Tip for the Extended Family Fight: To prevent these conflicts, have a discussion with your partner on what they expect from the extended family and keep the conversation open.

The Parenting Styles Fight

Our past often shapes the way we parent. This can mean you or your partner have significantly different parenting styles resulting in conflict. Your partner could be a strict disciplinarian while you are more laid back. Parenting styles are: Permissive, Authoritarian, Authoritative and Uninvolved. The most effective style of parenting is Authoritative, which is a healthy balance between being a disciplinarian and a communicative parent.

Tip for the Parenting Styles Fight: There are a number of parenting styles, so one of the crucial first things you should do is find some common ground—things you agree on—and go from there. Once there is an understanding of the other, the problem can begin to resolve using compromise and negotiations.

Tips to Productive Arguing

couple sitting side by side, arguing and trying to manage conflict

Arguments should be temporary, don’t let the ugliness stretch out and taint your view of the relationship. Here are some additional tips to manage conflict keep the arguments productive.

1. Keep it Relevant: Don’t bring up old grudges or sore points when they don’t belong in a particular argument. Set boundaries around the arguments so they do not become a free for all.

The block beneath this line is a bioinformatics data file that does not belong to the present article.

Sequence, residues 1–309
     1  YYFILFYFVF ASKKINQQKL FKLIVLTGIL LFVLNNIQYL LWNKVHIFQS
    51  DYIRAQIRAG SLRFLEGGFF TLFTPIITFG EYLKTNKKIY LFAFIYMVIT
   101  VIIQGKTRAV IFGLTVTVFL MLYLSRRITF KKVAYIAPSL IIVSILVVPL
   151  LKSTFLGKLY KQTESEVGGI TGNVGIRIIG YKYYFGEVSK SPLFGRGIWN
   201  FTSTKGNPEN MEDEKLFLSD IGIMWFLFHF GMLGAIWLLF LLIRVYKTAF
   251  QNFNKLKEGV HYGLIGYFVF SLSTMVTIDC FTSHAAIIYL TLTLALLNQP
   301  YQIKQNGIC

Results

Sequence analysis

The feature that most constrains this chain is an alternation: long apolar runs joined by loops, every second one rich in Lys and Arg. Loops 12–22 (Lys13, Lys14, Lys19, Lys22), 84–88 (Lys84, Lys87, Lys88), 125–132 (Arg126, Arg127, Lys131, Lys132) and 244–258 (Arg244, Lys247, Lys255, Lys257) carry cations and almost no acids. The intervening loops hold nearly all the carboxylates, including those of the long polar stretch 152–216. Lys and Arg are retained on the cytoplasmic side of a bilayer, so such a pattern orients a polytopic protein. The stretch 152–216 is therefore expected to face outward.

2. Avoid Character Assassination: Stay focused on the issues and argue with the intent of enlightening your partner instead of tearing them down. This type of communication will not make your argument or your relationship any stronger.

3. Rate the Argument: Use a 1-10 scale to judge your feelings about an argument. If your feeling is a 3 and your partner’s feeling about the subject is 7, then there is something you can probably let go of to support your partner. If the opposite happens and your feeling is a 10 and his/her feelings are at a 4, then they should be willing to compromise. Very rarely in an argument are both people at a 10.

And remember, sometimes it’s easier to bite your tongue and let it go for the sake of the relationship.

About the Author

Author, Counselor, and Talk Show Host Jada Jackson is known for her transparent, practical style of communicating and training. Her ultimate goal is to guide her clients into a meaningful and purposeful living, particularly in the areas of personal and professional development, emotion management, and behavioral modification. Jada is the President of Total Life Counseling Center – Dallas. She is a graduate of Regent University and has a Bachelor of Arts Degree in Professional Communication and a Master of Arts Degree in Human Services Counseling. Jada also has a Master of Science Degree in Counseling Psychology with a concentration in Mental Health from Palm Beach Atlantic University and a doctorate degree from Argosy University in Counselor Education and Supervision. Jada is a Licensed Mental Health Counselor in the state of Florida and a Licensed Professional Counselor in the state of Texas.